Moderation, mixers key to keep cocktails low-cal

Tuesday, February 15, 2011
If you plan to count calories when enjoying a tasty cocktail, keep an eye on the mixers. This Moscow mule, a 1950's classic, passes on sugary mixers and uses lime and ginger beer to compliment the vodka. (Larry Crowe ~ AP)

BERKELEY, Calif. -- Can cocktails and calorie-counting mix?

Up to a point, say diet experts and mixologists, but you have to keep a close eye on exactly what and how much is going into your glass.

"Just as in food, be mindful of what you drink," said Theresa DiMasi, editor-in-chief of WeightWatchers.com. "Pay attention to the ingredients and the portion size."

As with any beverage other than water, alcohol comes with calories. One serving (1 1/2 ounces) of 80 proof distilled spirits contains about 97 calories, said Monica Gourovitch, senior vice president for scientific affairs of the Washington-based Distilled Spirits Council.

What you do next makes the difference.

Have the spirits over ice or with no-calorie soda, and the calorie count is quite low. Add creamy, dairy-based mixers or sugary juices and syrups and the calories start to add up.

Better choices, said DiMasi, are drinks such as a bloody mary, a screwdriver or a gin and tonic.

And, of course, there's no room in a diet for overindulging in alcohol, something that not only will add the calories, but also likely impair your judgment about whether that plate of cheese fries or a second trip to the dessert buffet is a good idea.

Federal dietary guidelines allow up to one drink a day for women; two for men, points out Gourovitch.

"You want to make sure that you're having your drinks with foods and you want to be smart about your foods," she said.

Mike DeSimone and Jeff Jenssen, authors of "The Fire Island Cookbook," have a favorite diet cocktail trick: club soda and lime.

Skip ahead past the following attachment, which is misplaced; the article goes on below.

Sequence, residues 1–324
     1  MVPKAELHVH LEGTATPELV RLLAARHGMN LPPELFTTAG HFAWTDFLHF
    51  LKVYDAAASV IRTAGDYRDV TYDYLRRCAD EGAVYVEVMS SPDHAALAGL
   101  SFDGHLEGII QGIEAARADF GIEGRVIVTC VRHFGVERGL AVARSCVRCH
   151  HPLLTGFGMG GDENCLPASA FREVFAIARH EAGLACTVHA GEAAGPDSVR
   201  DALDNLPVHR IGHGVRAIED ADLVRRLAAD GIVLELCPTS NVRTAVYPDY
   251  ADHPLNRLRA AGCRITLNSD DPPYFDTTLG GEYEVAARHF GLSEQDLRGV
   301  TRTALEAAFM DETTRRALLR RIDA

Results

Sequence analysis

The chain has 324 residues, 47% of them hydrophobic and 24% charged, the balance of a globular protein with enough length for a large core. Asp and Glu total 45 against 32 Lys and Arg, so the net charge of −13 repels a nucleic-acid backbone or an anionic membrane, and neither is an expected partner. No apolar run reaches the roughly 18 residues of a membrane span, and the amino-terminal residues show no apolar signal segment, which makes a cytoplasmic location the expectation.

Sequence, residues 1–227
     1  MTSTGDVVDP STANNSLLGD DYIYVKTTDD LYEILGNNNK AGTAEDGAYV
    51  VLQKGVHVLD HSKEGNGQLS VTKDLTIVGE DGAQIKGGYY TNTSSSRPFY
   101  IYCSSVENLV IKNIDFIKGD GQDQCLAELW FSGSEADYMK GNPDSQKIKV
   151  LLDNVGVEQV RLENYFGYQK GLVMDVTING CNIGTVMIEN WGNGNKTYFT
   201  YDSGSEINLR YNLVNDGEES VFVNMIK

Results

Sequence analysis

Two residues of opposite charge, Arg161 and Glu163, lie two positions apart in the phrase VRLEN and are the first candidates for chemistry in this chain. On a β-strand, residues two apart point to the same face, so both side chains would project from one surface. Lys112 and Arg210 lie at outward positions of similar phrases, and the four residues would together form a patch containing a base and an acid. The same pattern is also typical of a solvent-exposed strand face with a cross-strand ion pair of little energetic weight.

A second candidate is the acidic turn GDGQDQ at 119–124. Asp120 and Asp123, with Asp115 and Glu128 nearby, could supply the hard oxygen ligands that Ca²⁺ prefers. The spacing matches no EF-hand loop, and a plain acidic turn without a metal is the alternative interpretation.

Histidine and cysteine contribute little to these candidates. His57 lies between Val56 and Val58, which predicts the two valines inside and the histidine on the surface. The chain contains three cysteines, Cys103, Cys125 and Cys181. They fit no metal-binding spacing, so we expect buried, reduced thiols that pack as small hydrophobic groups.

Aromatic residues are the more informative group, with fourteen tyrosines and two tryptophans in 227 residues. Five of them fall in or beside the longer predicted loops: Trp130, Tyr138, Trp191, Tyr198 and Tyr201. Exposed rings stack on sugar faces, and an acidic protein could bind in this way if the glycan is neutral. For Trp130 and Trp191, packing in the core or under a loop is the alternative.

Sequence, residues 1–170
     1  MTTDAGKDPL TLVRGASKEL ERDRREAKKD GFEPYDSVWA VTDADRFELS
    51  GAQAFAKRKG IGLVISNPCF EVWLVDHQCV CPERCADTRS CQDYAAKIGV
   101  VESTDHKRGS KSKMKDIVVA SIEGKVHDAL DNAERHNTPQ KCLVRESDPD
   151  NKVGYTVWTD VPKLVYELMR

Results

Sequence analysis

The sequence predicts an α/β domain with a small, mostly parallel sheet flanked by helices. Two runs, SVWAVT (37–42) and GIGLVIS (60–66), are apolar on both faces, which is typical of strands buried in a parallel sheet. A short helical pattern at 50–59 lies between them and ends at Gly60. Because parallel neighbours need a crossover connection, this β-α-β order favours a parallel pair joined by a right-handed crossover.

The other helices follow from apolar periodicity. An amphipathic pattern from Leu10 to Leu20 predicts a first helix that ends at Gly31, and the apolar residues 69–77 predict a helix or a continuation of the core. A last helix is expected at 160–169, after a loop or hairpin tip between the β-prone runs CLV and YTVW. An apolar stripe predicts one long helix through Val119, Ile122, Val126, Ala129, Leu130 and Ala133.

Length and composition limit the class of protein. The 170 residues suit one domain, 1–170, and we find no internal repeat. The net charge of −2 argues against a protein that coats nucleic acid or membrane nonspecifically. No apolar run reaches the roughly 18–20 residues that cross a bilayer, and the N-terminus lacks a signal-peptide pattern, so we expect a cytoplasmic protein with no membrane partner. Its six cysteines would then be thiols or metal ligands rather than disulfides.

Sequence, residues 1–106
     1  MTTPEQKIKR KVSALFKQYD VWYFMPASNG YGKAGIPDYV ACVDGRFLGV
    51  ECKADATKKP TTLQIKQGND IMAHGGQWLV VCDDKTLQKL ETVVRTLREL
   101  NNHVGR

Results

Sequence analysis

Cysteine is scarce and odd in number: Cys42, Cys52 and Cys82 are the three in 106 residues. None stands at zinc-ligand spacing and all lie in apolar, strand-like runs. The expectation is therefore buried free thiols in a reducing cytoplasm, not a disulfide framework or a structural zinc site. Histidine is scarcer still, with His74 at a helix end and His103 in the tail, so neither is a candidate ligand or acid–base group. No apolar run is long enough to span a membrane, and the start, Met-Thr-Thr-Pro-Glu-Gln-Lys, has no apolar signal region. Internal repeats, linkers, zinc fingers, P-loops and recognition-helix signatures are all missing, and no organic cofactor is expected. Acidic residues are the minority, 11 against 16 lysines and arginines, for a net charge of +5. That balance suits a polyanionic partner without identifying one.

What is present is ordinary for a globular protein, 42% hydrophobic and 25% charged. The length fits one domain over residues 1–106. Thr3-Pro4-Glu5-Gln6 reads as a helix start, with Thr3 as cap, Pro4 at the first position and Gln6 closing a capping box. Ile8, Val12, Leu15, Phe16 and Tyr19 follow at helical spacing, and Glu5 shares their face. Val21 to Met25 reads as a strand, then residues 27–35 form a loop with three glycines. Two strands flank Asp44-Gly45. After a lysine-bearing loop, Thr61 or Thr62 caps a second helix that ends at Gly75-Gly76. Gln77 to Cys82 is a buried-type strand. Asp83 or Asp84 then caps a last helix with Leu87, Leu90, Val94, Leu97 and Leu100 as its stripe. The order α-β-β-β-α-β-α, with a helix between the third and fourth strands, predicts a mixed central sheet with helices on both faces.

"Instead of rum and sugar-laden Coke -- or worse yet, diet soda loaded with chemicals -- we mix our rum with calorie-free club soda, and hit it with a squeeze of lime. If you're used to mixing your vodka or gin with tonic, you can substitute club soda as well. Over the course of an evening, you're talking about a significant number of calories."

Andrea N. Giancoli, a registered dietitian and spokeswoman for the American Dietetic Association, recommends keeping things simple.

"I would say stick to either a 5-ounce glass of wine, a 12-ounce serving of beer or one mixed drink with diet soda or seltzer as a mixer," she said.

At Bardessono, a luxury hotel, restaurant and spa in Yountville, Calif., that emphasizes green design and local, seasonal ingredients, James Brownsmith, a food and beverage manager, likes to keep a light touch.

"Our philosophy is very much about sustainability and healthy living in terms of the impact on the earth as well as on ourselves," he said. "Our philosophy with our foods is very much about making food that's not heavy, but very light on your palate. We take a very similar approach to our cocktail menu."

A signature drink is the Moscow mule, vodka with fresh house ginger syrup, mint, sparkling wine and fresh-squeezed lime juice.

"There's a lot of drinks that you can make very complex and very appealing to the palate without having to make them sweet," Brownsmith said.

When going out with friends to a bar or party, DiMasi recommends deciding at the outset what your best choices are. Eat before you go to avoid scarfing down high-fat, high-salt bar munchies.

If you're having more than one drink, alternate with glasses of water or seltzer.

And gab, don't gulp.

"Going out is about chatting with friends, exchanging stories," DiMasi said. "The more you talk, the longer it will take you to eat or drink."

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